Automakers mull aid to art museum in Detroit bankruptcy
By Ben Klayman
DETROIT (Reuters) - Detroit's three automakers are mulling a request by the city's art museum to help it raise money for a key component of Detroit's plan to restructure its debt and exit bankruptcy, representatives of the companies said on Tuesday.
Under an $816 million so-called grand bargain, the Detroit Institute of Arts (DIA) would contribute $100 million to ease pension cuts on the city's retirees and avoid a sale of art works to pay city creditors. The rest of the money would come from philanthropic foundations and the state of Michigan, where a $350 million contribution over 20 years or a $195 million lump sum payment needs legislative approval.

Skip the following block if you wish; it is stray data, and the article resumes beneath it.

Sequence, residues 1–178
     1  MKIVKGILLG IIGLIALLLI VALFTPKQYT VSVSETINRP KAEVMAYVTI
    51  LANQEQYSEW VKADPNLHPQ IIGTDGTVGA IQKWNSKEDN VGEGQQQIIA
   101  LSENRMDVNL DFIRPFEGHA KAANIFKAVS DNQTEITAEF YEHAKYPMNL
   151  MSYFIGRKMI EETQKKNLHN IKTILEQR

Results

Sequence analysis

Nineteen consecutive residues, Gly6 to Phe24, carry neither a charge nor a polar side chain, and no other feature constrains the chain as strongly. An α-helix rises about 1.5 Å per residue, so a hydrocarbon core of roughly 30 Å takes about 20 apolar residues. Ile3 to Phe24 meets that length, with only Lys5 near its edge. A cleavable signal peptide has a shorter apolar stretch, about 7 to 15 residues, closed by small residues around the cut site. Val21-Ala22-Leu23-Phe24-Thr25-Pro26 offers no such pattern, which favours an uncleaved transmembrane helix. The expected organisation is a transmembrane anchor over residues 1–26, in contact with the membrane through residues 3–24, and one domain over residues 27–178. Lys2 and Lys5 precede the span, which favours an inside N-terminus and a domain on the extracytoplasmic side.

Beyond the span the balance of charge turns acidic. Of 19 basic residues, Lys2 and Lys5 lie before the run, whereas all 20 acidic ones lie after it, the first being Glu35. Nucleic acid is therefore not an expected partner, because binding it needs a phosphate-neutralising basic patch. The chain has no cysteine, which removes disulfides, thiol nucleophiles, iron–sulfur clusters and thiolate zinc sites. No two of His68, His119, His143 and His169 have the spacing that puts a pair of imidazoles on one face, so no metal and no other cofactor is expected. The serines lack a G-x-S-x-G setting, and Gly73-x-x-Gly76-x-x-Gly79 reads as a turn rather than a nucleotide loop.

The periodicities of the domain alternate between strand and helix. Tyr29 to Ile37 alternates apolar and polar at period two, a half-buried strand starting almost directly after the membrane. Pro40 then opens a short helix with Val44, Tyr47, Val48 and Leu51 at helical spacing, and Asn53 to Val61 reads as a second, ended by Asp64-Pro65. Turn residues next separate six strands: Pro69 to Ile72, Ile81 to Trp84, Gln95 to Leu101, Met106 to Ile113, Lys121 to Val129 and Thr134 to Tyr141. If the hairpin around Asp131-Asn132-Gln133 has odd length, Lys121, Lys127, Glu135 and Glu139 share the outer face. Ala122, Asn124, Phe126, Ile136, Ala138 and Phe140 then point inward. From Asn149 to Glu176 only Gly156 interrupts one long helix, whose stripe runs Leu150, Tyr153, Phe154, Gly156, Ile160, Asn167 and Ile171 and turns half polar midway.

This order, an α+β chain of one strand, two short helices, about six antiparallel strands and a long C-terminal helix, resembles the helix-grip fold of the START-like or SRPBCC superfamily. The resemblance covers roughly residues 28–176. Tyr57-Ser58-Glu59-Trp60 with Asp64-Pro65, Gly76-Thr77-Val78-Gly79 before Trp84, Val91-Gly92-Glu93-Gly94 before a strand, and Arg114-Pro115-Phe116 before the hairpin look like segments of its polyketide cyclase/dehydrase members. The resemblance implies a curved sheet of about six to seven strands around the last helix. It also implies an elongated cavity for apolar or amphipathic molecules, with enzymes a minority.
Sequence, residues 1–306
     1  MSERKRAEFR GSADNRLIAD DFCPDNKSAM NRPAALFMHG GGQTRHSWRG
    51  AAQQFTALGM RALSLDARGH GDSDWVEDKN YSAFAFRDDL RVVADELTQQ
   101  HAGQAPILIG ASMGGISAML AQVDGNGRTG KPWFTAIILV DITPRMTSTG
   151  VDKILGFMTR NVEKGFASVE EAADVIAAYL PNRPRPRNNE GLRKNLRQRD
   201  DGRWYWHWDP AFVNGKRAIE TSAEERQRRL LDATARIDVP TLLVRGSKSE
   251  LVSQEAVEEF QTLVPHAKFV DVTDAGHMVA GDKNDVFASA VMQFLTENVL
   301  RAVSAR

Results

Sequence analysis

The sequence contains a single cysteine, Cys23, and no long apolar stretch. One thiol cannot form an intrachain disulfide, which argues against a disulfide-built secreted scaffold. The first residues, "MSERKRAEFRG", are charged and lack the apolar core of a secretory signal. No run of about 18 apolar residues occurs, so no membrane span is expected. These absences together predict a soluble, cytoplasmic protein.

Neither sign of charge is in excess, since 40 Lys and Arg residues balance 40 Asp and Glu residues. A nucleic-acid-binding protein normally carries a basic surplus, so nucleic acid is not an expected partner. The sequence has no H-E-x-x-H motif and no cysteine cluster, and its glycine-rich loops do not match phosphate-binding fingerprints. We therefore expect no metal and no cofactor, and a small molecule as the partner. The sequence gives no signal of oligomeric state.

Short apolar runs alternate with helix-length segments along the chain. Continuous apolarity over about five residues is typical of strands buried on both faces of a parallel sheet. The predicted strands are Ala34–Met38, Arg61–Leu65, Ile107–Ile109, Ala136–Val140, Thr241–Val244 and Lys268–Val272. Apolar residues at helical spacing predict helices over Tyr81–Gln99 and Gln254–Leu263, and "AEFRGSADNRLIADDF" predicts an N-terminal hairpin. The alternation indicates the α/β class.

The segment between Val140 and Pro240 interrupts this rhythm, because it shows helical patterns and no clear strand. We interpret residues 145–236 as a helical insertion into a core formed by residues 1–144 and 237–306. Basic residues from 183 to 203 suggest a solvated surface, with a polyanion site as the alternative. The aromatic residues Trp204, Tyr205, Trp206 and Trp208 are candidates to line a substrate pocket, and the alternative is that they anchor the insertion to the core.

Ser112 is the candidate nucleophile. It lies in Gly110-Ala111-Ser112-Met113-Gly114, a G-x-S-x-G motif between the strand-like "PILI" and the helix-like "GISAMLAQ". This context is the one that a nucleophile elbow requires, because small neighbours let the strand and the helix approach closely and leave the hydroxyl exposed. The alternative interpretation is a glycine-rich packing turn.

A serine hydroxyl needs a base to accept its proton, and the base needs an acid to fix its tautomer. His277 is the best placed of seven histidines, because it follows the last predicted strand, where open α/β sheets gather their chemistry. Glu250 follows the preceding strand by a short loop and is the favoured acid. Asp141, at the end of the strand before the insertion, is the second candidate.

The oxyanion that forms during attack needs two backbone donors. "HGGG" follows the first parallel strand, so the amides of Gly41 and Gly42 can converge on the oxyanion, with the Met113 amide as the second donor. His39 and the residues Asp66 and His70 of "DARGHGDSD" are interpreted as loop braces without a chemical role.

"Chrysler Group is committed to playing a positive role in Detroit's revitalization. Accordingly, we are reviewing the DIA's request," said Chrysler spokesman Kevin Frazier in an email.
Ford Motor Co spokesman Todd Nissen said in an email that the automaker has been a long-time supporter of the museum.
"We are having confidential discussions with the DIA and are considering the matter very carefully,” he said.
General Motors Co spokesman Jim Cain said in an email that the DIA was important for a revitalized Detroit.
"Both GM and the GM Foundation are giving very careful consideration to how we can help preserve this treasure at such a critical time," he said.
A spokeswoman for the DIA did not immediately respond to a request for comment. Continued...